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Police promotions in the spotlight

 

October 22, 2021

Jana Peterson

Cloquet police chief Derek Randall introduces all of the Cloquet police command staff that were promoted since the pandemic began, including (from left) Investigations Commander Adam Reed, Patrol Commander Dave O'Connor, Sergeant Nate Cook, Sergeant Zack Sandstrom and Detective Kristina Sather. Randall was also part of the group that took an oath of office with Judge Robert Macaulay during Tuesday's Cloquet City Council meeting.

Cloquet City Council chambers were packed Tuesday, not with irate citizens, but with proud parents, spouses and children.

In a followup to the oath of office for officers hired during the pandemic given during the Oct. 5 meeting, officers who were promoted over the past 18 months had their moment in the sun on Tuesday.

The administration at the department has seen a large amount of turnover over the past two years, from the chief at the top to at least two of the sergeants. Judge Robert Macaulay administered a leadership oath to the group after addressing the crowd.

"I very much appreciate living in this community under the watchful eye of this outstanding group of professionals," Macaulay said. "You can be very, very proud of your family member or friend that is standing there - they very much deserve to be there."

Police chief Derek Randall introduced the command staff who were promoted or hired one at a time, including:

• Detective Kristina Sather: Promoted to detective in July 2020, Sather has been with the CPD for seven years. She specializes in cellphone forensics and general investigations, is a field training officer and also advises the Police Explorer group, for people interested in becoming police officers. She has a bachelor's degree in criminal justice.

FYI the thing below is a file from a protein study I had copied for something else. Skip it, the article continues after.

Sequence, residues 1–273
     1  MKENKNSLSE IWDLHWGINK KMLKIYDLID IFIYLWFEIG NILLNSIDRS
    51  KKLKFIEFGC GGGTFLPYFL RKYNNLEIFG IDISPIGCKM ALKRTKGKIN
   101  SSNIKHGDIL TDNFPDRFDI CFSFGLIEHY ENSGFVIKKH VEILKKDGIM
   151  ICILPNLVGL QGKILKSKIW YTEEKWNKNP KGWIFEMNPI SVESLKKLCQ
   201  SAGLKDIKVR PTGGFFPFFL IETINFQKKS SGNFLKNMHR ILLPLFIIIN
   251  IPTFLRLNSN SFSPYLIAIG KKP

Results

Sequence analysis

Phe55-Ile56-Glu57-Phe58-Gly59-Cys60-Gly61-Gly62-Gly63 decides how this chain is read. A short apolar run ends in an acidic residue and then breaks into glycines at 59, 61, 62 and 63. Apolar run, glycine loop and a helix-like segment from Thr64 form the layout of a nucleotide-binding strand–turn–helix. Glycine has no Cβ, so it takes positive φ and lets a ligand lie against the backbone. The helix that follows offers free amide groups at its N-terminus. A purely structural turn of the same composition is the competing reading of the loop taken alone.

• Sgt. Zack Sandstrom: Promoted to sergeant in July 2021, Sandstrom has been with the CPD three years. He has been a member of the county's Consolidated Emergency Response Team (CERT) and a field training officer. "Sandstrom is spoken of highly among his peers as an informal leader, highly self-motivated, knowledgeable in statutes and procedures, and willing to go the extra mile for himself, his coworkers, and his community," Randall said. Sandstrom has a bachelor's degree in criminology and law enforcement degree.

• Sgt. Nate Cook: Promoted to sergeant in July 2021, Cook has been with the CPD more than six years. He has been a CERT member, a field training officer, a union steward and a shift supervisor. "His peers know Cook as someone with a keen sense of humility and compassion and someone who cares deeply for his fellow officers and the public he serves," Randall said. Cook has a bachelor's degree in criminology and a law enforcement degree.

• Commander Dave O'Connor: Hired in August 2020, O'Connor was hired from outside the CPD to serve as patrol commander, where he assists with the day-to-day operations of the department and interfaces daily with patrol staff. "In coming from the outside, he has brought ideas, experiences and perspectives that have helped our organization as we have worked to rebrand how we serve our community," Randall said. O'Connor is a Duluth native who started his career in law enforcement with the Minneapolis PD, ultimately rising to sergeant. O'Connor comes from a family of public servants, Randall said. O'Connor has a law enforcement degree, a bachelor's degree in finance and a master's degree in public safety leadership.